Advertisement.

Craig Halifax returns to NWT as new fire marshal


The Northwest Territories has a new fire marshal. Craig Halifax, a former Yellowknife firefighter, took on the role a month ago.

Halifax replaces Chucker Dewar in the post, which leads investigations into the causes of fires, supports community firefighting, and plays a key role in the planning and inspection of buildings.

He was born and raised in the NWT, joining Yellowknife’s fire hall in 1999, and returns to the territory having spent the past 14 years in Alberta. He served for almost a decade as the fire chief in Kananaskis, west of Calgary.

Advertisement.

Halifax said his priorities are strengthening public education around fire safety in the territory and finding ways to better support firefighting in smaller communities, where resources and volunteer fire crew members can be hard to come by.

“I’ve worked in the North, I’ve travelled through the North, I’ve conducted fire training over the years and in various communities, and I see the potential there,” he told Cabin Radio.

“But I know it’s difficult. I come in eyes wide open to that.”

From March 2022: GNWT looks to give fire marshal’s office ‘additional capacity’

Below, read our interview with Halifax about his appointment to the post.

Advertisement.


This interview was recorded on January 10, 2023. The transcript has been lightly edited for clarity.

Tell us a little about your background.

I was born and raised in Yellowknife. I left about 14 years ago and moved south, and things came full circle and the job opportunity presented itself to come back to Yellowknife as the NWT fire marshal. In discussion with the family, we wanted to be back here at some point – our kids were born here. So it was an ideal situation.

You were a firefighter in Yellowknife before you left. How does that job differ in the North compared to elsewhere?

Advertisement.

The weather always comes into play. Cold-weather firefighting in -40C is a lot different than it is at the plus temperatures that quite often you see in Alberta, that I worked in for a number of years. Another thing that we find in my role now, as the fire marshal, is we work with a lot of the communities where there are really limited resources. Volunteerism is tough – to get people out and really staff those fire departments – so part of my job, and what I’m excited coming into, is working with those communities, building up those partnerships, and really finding ways that we can bolster the work they’re doing and provide them the support they need to provide a critical service. Sometimes people don’t see it as needed until after the fact, until they have a big fire. And then the questions arise about fire departments at that point.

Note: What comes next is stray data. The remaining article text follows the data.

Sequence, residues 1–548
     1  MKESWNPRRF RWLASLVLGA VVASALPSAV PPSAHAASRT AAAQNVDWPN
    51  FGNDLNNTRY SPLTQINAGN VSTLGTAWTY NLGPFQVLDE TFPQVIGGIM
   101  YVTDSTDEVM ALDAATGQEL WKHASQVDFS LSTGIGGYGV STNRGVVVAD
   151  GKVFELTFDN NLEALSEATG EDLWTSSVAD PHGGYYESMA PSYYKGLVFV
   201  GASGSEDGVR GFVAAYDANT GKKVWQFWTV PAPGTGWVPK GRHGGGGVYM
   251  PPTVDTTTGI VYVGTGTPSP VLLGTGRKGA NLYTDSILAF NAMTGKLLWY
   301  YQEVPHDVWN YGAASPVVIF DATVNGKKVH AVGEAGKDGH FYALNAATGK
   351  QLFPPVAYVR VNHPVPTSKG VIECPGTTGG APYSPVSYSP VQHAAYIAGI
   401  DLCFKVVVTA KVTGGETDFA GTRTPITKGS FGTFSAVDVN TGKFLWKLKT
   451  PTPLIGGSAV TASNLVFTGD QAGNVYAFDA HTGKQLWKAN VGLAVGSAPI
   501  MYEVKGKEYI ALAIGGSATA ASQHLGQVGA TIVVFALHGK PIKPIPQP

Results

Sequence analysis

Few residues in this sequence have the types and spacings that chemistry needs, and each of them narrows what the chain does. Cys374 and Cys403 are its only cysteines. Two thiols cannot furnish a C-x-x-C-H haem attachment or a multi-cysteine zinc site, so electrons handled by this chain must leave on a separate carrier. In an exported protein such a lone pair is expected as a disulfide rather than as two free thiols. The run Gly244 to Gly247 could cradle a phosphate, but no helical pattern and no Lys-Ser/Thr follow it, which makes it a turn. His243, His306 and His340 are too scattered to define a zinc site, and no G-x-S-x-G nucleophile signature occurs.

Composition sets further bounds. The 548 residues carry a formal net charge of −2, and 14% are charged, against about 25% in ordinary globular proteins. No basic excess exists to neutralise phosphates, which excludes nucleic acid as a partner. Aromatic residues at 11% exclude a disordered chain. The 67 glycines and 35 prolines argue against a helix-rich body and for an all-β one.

How do you explain your job to people?

It’s not an operational position. I don’t get on a fire truck. It’s more administrative and regulatory in nature, but some of the core business that we do is around fire investigations. That’s one of the primary pieces of work that we do, whether it’s here in Yellowknife or the assistant fire marshals out in the regions. Any significant fire in the Northwest Territories, whether it’s fatality or injury, high dollar loss or critical infrastructure, we will send someone out and investigate, work with the local fire department and potentially RCMP, and go through that process.

Another item is inspections. There are a number of inspections that are required on a certain cycle. I’m fairly new in the role so I’m still learning all the pieces of that cycle and how we prioritize. Also done out of the Office of the Fire Marshal is plan review. Building plans are submitted for commercial structures or large structures that are being built within the Northwest Territories. They come into our office and we have a chief code compliance engineer that reviews those and provides recommendations to those companies, contractors and architects on what needs to be done to be compliant with the building and fire codes that we’re utilizing here.

What priorities do you have coming into this job?

There’s the day-to-day business that we have to do – I mentioned plan reviews, inspections and investigations as they come up – but from my personal perspective, I’d like to build those community partnerships and those connections. The primary job of Maca is to support communities, so I really want to be a part of that.

I’ve worked in the North, I’ve travelled through the North, I’ve conducted fire training over the years and in various communities, and I see the potential there. But I know it’s difficult. I come in eyes wide open to that. So I really want to work with the local fire chiefs, the local councils on how to bolster their services and provide a service to the residents of the NWT.

Another priority is around public education. Quite often, we see that Fire Prevention Week happens in October and there’s a lot of hubbub for a week, and then it’s pretty quiet unless something big happens. What I would really like to do is look at the different technology available to us in this day and age to reach out to communities, to reach out to the residents not just with pamphlets or posters that get put up every once in a while. After the past few years of pandemic, people are used to utilizing virtual opportunities. I think that is something that we need to investigate as a better way, or another way to get our message out there on key fire safety priorities.